Is Iraq too broke to fight the Islamic State group?
By MCCLATCHY WASHINGTON BUREAU Published: September 4, 2015
WASHINGTON (Tribune News Service) — Iraq’s ability to fight Islamic State extremists who control roughly a third of the country is hampered by a financial crisis that has left the Baghdad government operating “hand to mouth,” Iraqi Ambassador Lukman Faily warned this week.
The inability to pay salaries on time to the soldiers and militiamen fighting the Islamic State, also known as ISIS or ISIL, has hurt morale and hindered progress in operations to retake key hubs that were captured by the jihadists, Faily said in an interview Thursday. And belt-tightening measures such as consolidating government ministries threaten to exacerbate ethnic and sectarian tensions by upsetting the delicate power-sharing quota system that’s been in place since the U.S.-led occupation authority took charge following the invasion of 2003.
“This goes back to not making your support conditional,” he added, referring to Iraqi officials’ frustration with the Obama administration’s reluctance to bail them out last year unless Baghdad first made reforms to address the corruption and ingrained sectarianism that softened the ground for the extremist takeover of Mosul in the north and most of Anbar province in the west.
Faily, who belongs to the ruling Dawa Party, blamed the crisis chiefly on the plummeting price of oil — the government relies on exports for some 85 percent of revenue — though economists and foreign policy analysts say that decades of mismanagement and corruption also have contributed.
Faily acknowledged government fault, citing an overdependence on oil revenues and the slow pace of addressing graft such as the use of “ghost employees,” workers who exist only on paper so that supervisors can pocket the salaries.
Much of Iraq’s spending is defense-related as the country struggles simultaneously to rebuild the U.S.-trained military that collapsed during the Islamic State onslaught and to launch offensives to retake captured territories. And they’re doing this with a budget that was based on oil at $56 a barrel, though in recent weeks the fluctuating price has dipped to closer to $40 a barrel. A revenue-sharing deal between Baghdad and the mostly autonomous, oil-rich Kurdistan region has broken down, depriving the central government of another cash stream.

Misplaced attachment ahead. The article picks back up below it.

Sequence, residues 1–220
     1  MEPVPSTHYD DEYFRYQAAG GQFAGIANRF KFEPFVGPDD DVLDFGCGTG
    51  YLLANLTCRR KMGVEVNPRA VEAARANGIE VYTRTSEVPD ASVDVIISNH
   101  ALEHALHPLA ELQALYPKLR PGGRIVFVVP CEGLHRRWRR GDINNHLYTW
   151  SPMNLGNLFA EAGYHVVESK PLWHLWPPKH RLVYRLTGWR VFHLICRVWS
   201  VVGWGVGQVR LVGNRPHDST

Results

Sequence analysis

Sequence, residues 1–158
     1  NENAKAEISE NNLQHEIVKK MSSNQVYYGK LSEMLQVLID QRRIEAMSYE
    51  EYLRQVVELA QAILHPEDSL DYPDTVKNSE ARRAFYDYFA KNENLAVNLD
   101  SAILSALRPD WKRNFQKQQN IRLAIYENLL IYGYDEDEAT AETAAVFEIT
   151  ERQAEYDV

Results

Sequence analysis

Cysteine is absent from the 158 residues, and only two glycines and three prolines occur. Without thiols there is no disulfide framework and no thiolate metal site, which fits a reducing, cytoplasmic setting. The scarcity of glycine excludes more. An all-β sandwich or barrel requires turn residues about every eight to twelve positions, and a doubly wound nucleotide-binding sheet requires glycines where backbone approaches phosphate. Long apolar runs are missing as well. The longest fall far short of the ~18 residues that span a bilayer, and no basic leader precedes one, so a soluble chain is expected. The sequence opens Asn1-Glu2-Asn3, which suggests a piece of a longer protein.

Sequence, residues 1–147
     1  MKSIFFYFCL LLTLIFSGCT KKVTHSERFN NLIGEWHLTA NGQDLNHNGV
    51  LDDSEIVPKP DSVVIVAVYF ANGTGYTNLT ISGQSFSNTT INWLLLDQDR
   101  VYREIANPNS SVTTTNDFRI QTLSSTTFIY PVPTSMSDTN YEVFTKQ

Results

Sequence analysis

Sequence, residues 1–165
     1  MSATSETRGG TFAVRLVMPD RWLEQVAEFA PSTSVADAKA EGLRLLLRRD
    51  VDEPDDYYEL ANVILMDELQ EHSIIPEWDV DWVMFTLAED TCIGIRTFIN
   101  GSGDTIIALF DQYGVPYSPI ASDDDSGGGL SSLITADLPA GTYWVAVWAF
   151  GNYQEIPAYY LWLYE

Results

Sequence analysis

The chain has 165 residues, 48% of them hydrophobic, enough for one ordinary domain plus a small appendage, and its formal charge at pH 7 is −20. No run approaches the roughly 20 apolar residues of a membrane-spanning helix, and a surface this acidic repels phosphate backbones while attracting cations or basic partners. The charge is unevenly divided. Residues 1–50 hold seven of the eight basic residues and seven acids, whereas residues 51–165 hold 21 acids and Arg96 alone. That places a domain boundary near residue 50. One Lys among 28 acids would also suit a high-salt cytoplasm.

Ben Van Heuvelen, managing editor of Iraq Oil Report, which closely monitors the Iraqi oil sector, said a major cause of the crisis is that the previous administration of Nouri al-Maliki “left zero financial buffer for the inevitable down cycle in commodity price.” He said that al-Maliki’s successor, Prime Minister Haider al-Abadi, has “made some good moves,” including painful spending cuts and exploring revenues outside of oil, but that he stands little chance of yanking the country back from the brink anytime soon.
A U.S. official, speaking on condition of anonymity because it involves sensitive diplomatic and defense matters, said the Obama administration has increased its military assistance to Iraq in recognition of the twin crises of the Islamic State presence and the severe financial strain due to collapsing oil prices.
The official acknowledged that “it is an increasing challenge” for the Iraqis to fight the Islamic State, “and that’s why we’ve put so many of our own financial resources” into the campaign.
Foreign military financing, which uses U.S. funds to procure weapons, included $300 million for Iraq for fiscal year 2014 and $150 million for 2015 before jumping again to $250 million in the current pending request for 2016. In addition, the official said, the U.S. military donated some surplus American equipment, including 300 MRAPs, mine-resistant armored vehicles.
“They need a bunch of things across the board, everything from anti-tank weapons to MRAPS to Humvees to arms and equipment,” the official said.